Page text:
Food labels show information about the nutritional content of food, the percentage of characterising ingredients of the food (that is the amount of the main ingredients contained in the food), and also indicate the presence of possible allergens such as nuts.
Genetically modified food is labelled as such. So is irradiated food.
A best before date is included and the label should tell you how best to store the food.
A nutrition information panel lists ingredients in order of weight from the greatest amount to the smallest, per serve or 100g. Information on energy (kilojoules), protein, total fat, saturated fat, carbohydrates, sugar, sodium (salt) and any other nutrient about which a claim is made must be included, for example “contains added iron”.
Food additives are shown, usually represented by numbers which can be looked up in an additive code book. The origin of the food is also shown, such as the country or region from which it originates.
Food labels are essential guidelines for consumers with allergies, food intolerance, preferences such as vegetarianism, religious restrictions such as kosher or halal rules, or those who are health conscious, for example people who want to reduce their weight or keep their cholesterol in check.
Not all food is labelled. Fruit, vegetables, nuts, food sold in restaurants, take-aways, bakeries and so forth do not require labelling by law, although as the consumer you always have the right to ask about the contents of any processed food being served or sold. Food packaged in front of you, for example at a delicatessen or a bakery, does not have to be labelled either.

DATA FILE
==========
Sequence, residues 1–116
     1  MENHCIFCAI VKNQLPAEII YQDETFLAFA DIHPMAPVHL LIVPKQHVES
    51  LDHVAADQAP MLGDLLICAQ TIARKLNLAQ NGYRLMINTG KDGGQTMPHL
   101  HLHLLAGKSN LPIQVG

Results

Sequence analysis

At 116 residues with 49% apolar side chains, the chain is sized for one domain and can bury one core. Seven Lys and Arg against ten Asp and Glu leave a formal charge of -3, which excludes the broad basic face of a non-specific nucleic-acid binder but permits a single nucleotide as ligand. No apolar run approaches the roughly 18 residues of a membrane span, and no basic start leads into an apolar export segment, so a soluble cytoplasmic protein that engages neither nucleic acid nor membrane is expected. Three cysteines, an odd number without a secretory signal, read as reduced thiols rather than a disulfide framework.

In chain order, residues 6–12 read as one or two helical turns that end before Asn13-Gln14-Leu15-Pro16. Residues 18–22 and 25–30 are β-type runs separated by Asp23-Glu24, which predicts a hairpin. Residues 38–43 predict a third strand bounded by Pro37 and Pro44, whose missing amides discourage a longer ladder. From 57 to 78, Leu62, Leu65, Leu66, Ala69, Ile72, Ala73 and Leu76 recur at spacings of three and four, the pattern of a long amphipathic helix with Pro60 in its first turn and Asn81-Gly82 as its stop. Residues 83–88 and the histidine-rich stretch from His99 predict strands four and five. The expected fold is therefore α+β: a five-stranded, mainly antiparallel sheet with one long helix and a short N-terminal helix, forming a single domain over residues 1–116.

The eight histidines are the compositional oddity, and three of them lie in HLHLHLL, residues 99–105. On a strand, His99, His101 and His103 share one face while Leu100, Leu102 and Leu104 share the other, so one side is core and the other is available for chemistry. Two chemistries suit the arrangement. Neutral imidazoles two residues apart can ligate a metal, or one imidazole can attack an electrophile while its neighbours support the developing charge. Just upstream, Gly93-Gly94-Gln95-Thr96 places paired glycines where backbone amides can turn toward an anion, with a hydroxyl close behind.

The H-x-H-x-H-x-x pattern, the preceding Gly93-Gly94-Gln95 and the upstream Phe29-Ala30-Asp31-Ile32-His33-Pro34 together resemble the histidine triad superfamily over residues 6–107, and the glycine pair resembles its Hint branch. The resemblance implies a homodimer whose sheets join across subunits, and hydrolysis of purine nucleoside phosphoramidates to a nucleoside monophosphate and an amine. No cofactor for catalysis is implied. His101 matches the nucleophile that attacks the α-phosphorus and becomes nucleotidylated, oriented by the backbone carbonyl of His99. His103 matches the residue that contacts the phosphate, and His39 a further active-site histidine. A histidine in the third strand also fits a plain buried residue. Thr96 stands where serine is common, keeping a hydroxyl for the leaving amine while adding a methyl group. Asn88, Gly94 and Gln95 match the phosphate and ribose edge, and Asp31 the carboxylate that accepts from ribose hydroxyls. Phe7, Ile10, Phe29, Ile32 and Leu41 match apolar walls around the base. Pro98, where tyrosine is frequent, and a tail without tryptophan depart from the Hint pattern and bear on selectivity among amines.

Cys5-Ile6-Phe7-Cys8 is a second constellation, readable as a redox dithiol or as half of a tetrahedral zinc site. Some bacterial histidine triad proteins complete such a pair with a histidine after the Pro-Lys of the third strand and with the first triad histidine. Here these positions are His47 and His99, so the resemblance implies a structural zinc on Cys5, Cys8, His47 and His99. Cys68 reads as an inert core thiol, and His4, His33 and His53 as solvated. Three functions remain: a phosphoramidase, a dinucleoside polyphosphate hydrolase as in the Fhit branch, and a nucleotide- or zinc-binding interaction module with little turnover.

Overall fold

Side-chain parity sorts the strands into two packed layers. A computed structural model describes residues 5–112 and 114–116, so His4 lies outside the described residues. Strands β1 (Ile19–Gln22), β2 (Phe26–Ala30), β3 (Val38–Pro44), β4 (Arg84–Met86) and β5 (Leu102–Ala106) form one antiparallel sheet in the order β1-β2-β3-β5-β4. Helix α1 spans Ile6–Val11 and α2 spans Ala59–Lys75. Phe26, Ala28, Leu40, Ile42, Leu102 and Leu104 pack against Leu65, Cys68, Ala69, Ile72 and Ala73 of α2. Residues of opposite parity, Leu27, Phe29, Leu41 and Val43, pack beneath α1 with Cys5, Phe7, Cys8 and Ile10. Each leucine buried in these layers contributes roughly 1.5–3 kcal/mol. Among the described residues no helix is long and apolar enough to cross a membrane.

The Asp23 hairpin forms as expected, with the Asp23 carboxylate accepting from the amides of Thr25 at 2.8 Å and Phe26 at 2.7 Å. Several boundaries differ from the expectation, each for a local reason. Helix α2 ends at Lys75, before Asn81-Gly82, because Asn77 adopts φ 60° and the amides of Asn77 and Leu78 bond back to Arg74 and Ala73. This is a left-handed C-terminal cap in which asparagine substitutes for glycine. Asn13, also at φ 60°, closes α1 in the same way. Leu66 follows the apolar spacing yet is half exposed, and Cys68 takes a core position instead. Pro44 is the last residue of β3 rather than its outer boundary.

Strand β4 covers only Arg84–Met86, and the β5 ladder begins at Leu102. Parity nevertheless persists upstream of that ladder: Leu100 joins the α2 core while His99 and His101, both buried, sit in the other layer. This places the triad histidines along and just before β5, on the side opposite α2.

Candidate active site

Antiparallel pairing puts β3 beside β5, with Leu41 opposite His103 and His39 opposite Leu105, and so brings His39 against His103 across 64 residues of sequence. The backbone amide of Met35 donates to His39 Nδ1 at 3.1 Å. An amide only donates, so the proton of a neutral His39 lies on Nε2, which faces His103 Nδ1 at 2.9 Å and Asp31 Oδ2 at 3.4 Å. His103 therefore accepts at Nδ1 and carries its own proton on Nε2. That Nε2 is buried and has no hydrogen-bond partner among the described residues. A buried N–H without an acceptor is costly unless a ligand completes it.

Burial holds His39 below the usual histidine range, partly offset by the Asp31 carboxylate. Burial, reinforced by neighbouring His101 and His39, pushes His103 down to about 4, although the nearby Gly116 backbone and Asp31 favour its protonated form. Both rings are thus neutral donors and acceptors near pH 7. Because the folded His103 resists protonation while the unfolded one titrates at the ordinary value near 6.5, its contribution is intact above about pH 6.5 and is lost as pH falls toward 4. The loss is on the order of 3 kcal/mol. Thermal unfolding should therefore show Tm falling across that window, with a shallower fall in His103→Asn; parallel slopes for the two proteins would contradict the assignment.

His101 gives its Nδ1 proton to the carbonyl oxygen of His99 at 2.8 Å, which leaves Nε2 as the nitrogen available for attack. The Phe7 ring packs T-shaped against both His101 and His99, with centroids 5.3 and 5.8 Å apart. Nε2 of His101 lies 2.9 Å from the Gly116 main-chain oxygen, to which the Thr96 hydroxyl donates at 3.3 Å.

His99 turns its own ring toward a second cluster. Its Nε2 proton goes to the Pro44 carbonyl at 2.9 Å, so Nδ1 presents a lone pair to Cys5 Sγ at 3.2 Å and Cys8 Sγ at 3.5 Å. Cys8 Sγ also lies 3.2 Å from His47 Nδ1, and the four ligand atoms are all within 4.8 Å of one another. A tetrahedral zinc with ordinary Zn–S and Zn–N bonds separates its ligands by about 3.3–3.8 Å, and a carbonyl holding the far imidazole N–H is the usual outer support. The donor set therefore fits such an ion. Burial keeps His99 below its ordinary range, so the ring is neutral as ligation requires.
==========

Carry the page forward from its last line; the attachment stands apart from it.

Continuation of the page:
The New Zealand Institute for Plant & Food Research Limited and the Ministry of Health jointly own the New Zealand Food Composition Database (NZFCDB) which is the largest and most comprehensive collection of nutrient data in New Zealand. The NZFCDB's primary role is providing up-to- date nutrient values for foods commonly consumed in New Zealand. It contains nutrient information on more than 2700 foods including moisture, ash, carbohydrate, protein, fat, cholesterol, caffeine, vitamins, minerals, fatty acids and fibre. Accredited laboratories in New Zealand and Australia are used to analyse these nutrients in the foods. You can search the database for foods matching specific keywords. You can then use the food nutrition data on this website as it is, or in conjunction with your own systems, to calculate Nutrition Information Panel (NIP) information for your product. The website is NOT a NIP calculator but does provide some information about calculating NIP information.